11.00 – 11.30 Scott doyle - Building an AI School for Pathology: Workflow for Human-AI Interfaces

As machine learning and artificial intelligence becomes more widely used in pathology, it is crucial to develop toolsets and teaching opportunities for future pathologists to understand and interact with these systems. At the University at Buffalo, we have launched a new graduate program that seeks to integrate computational, quantitative tools – including AI – into pathology and microscopy training. This presentation will discuss our ongoing efforts to engage pathology students and residents, allowing them to interact with AI systems for object detection and segmentation on whole slide imaging. We will talk about our work in developing active learning approaches for rapid and efficient annotation, which includes presenting the results of deep learning segmentation to the annotators for correction. This results in a joint learning experience: as the AI receives quality data, the human student can see how the AI “thinks” about the data. We believe this will lead to wider acceptance, understanding, and competent adoption of these methods by clinical pathologists.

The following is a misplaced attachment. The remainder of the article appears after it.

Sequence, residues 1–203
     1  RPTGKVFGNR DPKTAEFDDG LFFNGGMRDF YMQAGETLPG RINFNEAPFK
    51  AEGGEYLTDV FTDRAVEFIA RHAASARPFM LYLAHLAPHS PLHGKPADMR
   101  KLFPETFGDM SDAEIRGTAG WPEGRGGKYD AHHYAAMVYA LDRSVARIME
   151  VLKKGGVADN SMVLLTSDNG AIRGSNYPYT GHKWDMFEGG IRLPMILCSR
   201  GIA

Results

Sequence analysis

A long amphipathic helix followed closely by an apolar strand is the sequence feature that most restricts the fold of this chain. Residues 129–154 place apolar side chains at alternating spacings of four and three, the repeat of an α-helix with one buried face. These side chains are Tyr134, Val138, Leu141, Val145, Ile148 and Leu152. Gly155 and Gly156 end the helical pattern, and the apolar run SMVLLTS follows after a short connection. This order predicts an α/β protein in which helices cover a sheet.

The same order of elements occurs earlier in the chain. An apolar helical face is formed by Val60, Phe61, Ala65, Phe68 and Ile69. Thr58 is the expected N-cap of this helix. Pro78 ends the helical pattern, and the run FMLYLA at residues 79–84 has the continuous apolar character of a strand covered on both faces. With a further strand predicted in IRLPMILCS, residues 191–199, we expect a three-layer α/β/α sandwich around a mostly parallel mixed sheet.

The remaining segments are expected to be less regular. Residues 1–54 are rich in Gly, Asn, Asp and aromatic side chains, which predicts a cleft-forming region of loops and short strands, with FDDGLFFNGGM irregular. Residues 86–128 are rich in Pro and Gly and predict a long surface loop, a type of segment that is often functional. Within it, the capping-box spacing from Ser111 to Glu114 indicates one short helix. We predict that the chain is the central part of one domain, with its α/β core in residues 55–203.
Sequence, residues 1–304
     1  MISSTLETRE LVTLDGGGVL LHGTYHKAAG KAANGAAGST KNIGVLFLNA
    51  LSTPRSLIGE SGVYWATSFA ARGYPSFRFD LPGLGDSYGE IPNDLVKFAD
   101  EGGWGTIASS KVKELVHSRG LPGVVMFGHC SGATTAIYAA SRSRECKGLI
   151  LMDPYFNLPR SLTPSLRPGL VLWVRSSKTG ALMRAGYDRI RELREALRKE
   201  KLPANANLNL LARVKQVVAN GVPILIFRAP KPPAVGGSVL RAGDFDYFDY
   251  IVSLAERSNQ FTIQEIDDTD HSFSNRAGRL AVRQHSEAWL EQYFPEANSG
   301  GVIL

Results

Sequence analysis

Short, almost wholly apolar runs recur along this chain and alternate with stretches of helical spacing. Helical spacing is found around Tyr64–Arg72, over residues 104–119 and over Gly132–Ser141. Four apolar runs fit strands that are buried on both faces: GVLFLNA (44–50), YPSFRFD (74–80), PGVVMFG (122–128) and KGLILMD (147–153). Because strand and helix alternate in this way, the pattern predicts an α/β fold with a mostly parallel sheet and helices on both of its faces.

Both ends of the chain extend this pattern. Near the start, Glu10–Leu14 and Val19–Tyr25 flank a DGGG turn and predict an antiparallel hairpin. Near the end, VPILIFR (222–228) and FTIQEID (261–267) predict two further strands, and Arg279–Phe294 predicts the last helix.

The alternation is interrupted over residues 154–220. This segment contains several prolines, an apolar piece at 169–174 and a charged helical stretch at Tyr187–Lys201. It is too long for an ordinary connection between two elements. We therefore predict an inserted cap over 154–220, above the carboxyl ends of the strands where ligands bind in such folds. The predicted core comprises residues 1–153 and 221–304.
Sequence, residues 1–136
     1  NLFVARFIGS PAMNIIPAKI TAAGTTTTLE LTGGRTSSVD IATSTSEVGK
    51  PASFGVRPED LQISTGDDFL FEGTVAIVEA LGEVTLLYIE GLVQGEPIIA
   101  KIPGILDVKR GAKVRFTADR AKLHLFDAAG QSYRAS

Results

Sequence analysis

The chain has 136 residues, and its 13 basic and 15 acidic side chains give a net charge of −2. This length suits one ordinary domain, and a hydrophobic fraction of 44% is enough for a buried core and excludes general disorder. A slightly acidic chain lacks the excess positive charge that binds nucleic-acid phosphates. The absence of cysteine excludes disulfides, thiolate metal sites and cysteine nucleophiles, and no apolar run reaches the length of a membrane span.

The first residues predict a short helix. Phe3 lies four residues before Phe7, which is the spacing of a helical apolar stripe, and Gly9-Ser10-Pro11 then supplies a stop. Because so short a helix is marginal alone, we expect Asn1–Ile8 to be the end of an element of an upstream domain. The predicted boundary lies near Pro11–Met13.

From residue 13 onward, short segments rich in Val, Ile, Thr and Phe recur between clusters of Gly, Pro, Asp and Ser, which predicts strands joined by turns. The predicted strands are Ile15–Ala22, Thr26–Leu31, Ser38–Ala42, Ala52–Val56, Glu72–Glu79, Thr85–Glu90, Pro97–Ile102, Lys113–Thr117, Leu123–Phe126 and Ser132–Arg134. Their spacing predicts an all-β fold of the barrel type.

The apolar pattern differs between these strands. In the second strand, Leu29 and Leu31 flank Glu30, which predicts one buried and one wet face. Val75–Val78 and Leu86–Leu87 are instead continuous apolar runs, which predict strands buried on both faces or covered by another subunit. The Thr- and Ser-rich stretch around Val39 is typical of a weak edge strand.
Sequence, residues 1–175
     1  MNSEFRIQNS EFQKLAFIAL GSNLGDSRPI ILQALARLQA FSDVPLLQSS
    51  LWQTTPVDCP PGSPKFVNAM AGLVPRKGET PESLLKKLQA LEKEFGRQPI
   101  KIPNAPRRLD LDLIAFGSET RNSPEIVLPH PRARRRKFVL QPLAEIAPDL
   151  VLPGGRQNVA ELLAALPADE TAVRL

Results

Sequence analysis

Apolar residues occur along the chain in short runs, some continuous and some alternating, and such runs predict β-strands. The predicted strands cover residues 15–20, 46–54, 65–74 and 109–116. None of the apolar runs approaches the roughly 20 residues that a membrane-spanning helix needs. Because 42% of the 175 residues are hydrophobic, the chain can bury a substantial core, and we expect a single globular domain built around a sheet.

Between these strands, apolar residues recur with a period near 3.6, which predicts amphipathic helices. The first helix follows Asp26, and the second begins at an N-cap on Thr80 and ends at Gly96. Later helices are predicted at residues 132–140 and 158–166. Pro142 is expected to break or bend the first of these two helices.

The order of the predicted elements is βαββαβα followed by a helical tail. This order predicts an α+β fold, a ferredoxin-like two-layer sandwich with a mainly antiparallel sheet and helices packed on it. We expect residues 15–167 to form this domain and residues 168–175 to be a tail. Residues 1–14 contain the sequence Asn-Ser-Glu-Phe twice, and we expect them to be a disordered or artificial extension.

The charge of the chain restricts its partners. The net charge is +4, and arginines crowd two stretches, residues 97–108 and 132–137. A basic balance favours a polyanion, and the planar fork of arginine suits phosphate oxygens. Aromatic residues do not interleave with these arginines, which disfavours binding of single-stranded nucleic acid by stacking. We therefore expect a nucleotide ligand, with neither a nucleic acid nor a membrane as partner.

CV Dr. Scott Doyle received his PhD in Biomedical Engineering from Rutgers University in 2011, where he worked on developing computational pathology tools for quantifying structure of prostate and breast cancers in clinical samples of H&E-stained tissue. He worked for a start-up company to develop these methods in the commercial space before coming to the University at Buffalo in 2014 as an Assistant Professor. His lab focuses on developing computational approaches for understanding biology and disease, with the hypothesis that structural data (as captured by biomedical imaging) is minable, quantifiable data that can be used in a statistical framework. Recently he has been developing methods to understand how modern deep learning and AI methods “learn” about the image space they are trained on, and is working on streamlining an efficient process for training and obtaining annotations.